This is a similar issue gyms have. People join gyms, follow the instructor’s workout plan for the first 2 months and then quit when the plan ends and they have to take the reigns and re-design their program. People do not trust themselves to do the right thing in areas they have no experience in. They would rather not try at all, then put in the mountain of effort required and fail, a blow to the ego and the wallet. Personally, and I would say this is the case with most people who are serious about learning a language, we will find the money, the time, the commitment and patience to invest into a program, if we have a fairly good idea that the process will work and we can do it ourselves.

Sorry if I repeated myself a lot in this, I’m not sure I said anything constructive, but rather just laid out my mind’s self-conscious worries. I do have a couple of Q’s I would like to ask in these early stages if anyone can help?

A. Starting out, I have been trying to make exact associations between English and French words, associating “Je” with “I” exclusively for instance. I have since realised that this doesn’t work most of the time, and, as with English, some words have multiple similar meanings and context dictates much of what you should use. I have just started Who Is She? and noticed that “Que” can mean how or what, while “Comment” also means how. Is this something to worry about figuring out straight away? How and where these words should be used? Going through and following the English translation of a sentence using my LingQs, does not make complete sense to someone speaking English. Is this something not to worry about and this will fall into place as time goes by and I actually start interacting with tutors?

B. I would be interested to know when most people were ready to start sending writing in for correction and how the Writing component works. I noticed a Topic List in this section, written in French, which I do not understand. When I can decipher the topic list enough to select a topic, is this the right time to send in writing? I obviously don’t want to preempt myself in a rush to improve or waste a tutor’s time unnecessarily if I’m not ready. Is there any timeframe associated with this process?

C. I have just started listening to audio on my iPod of the Getting Started lesson, I am unable to translate in my head what is being said as it is being said. I will pause the audio to recall my flashcards for each word sentence by sentence. Should we only move on to a new lesson when we can follow the audio as it is being said without having to pause constantly and think? Vera mentioned a post Marianne had about a beginner’s guide to learning French with LingQ so I’m going to take a look at that and it may allay some of my concerns.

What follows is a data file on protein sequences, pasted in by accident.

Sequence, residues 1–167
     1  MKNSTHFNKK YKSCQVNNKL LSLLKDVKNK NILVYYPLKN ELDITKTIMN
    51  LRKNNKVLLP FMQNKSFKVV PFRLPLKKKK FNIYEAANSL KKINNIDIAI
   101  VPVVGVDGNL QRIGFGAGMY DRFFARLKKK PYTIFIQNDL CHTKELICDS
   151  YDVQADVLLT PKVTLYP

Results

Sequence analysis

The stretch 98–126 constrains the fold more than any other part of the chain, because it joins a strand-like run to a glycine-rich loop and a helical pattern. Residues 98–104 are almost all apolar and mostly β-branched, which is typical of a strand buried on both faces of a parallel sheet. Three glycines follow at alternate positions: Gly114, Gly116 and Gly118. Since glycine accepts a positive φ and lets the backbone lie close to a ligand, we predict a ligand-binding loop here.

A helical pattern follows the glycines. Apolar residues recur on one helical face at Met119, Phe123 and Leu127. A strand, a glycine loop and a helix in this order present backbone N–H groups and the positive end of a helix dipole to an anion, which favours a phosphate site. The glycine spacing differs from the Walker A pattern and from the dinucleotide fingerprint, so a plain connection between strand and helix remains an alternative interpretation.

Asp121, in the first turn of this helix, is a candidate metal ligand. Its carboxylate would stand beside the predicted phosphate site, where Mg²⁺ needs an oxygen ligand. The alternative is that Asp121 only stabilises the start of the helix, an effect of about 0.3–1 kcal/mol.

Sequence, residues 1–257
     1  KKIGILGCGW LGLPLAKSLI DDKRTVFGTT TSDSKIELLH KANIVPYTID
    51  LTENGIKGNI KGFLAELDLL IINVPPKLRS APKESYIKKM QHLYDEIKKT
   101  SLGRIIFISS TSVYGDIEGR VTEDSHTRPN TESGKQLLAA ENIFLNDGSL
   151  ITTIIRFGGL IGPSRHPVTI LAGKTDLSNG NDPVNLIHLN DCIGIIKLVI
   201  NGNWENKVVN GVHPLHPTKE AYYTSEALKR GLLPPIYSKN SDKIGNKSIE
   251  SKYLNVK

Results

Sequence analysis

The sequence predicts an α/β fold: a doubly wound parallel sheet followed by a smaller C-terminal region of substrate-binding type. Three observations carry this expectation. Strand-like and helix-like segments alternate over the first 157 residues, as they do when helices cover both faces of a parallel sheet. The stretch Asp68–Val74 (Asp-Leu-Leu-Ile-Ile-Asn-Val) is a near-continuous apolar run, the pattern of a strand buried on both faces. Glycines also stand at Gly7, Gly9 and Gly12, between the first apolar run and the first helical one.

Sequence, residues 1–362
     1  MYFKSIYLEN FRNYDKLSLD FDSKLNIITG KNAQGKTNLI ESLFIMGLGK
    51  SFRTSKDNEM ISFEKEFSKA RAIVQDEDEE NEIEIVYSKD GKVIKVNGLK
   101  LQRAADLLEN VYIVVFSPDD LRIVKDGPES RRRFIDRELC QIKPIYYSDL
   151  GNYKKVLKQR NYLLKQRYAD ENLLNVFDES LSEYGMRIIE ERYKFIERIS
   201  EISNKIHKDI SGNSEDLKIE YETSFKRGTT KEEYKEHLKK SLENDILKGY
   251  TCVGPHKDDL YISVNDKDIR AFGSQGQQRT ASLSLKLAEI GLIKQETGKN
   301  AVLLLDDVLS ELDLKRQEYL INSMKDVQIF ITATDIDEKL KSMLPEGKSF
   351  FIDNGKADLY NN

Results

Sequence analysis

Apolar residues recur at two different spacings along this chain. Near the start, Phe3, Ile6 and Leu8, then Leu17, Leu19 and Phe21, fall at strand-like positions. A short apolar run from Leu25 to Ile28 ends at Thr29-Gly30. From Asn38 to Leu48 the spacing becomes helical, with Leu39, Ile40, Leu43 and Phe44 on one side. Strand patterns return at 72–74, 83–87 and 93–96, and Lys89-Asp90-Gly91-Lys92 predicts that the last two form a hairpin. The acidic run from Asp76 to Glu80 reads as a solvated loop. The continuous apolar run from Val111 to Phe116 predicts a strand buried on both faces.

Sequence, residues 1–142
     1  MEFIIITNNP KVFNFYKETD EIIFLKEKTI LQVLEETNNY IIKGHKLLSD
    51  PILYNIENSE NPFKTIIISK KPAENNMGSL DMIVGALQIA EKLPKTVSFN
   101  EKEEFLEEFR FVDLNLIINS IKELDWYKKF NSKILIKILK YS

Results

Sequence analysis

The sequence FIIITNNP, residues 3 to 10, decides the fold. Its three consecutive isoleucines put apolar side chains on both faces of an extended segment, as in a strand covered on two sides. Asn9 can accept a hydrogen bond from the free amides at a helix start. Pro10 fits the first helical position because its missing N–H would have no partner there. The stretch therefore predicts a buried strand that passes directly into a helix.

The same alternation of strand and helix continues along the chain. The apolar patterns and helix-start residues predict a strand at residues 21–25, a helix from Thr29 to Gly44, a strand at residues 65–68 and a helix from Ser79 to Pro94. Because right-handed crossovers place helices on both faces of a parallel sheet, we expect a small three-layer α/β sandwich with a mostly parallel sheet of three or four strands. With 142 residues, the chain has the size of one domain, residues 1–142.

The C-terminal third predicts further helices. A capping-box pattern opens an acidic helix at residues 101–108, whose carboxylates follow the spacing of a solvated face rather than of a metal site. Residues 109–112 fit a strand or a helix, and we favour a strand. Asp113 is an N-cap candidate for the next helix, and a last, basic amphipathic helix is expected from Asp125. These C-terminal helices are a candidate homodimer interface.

I just got an email from LingQ Support with some FAQ’s including an answer to the Q: how do I learn using LingQ?

How to learn a language on LingQ

Here is how to learn a language on LingQ.
Choose lessons you’re interested in from the Library.
Read the lesson, looking up new vocabulary and saving it for review.
Download and listen to the lesson on your iPod.
Listen → Read → Review Vocabulary.
Listen → Read → Review Vocabulary some more.
Do this a few more times and you’re ready for another lesson.

That’s it. It’s that simple.
When you are ready to practice your new language:

Make friends on the community
Friends can be other members learning the same language
Or, friends can tutor you in your new language.
Have your friends correct your writing
Schedule conversations with your friends using Skype
You’ll be speaking a new language in no time!

I have to say, even this is extremely helpful to remind a beginner to keep going! Explaining that the process is as simple as that is important. Anyway, I’m going to go back to listening to my tracks and practice some flashcards. Sorry if this is very draining to read!

Wow Sean, I can sense the enthusiasm for learning French. That is the best guarantee of success.

Thanks for the long thoughtful post. Some comments from me, and then I hope others will also comment.

Even if you covered Chapters 1 to 12 in a book, there is no guarantee that you will remember what was in the early chapters upon completing the book. There is no guarantee that you will be able to speak at the end of the book. Nevertheless, I think that most LingQers starting in a language should buy or borrow a beginner book, like Teach Yourself or Colloquial. It is comforting to have a book in one’s hand. It provides explanation when LingQ does not. It is a good companion to LingQ.

The only rule at LingQ is to enjoy the process. Study what you want, when you want. If you feel like reading, read. If you feel like doing flash cards, do them. If you feel like moving on to a new lesson, do so. As long as you are putting in the time with the language, and enjoying the process, you will improve. You many not always improve as much as you would like, or you may not think you have improved as much as you would like, but you will improve. You should learn to be happy with that improvement. Suddenly you will look back and realize how much you have achieved. And besides, if you enjoyed the process, you will not begrudge the time spent.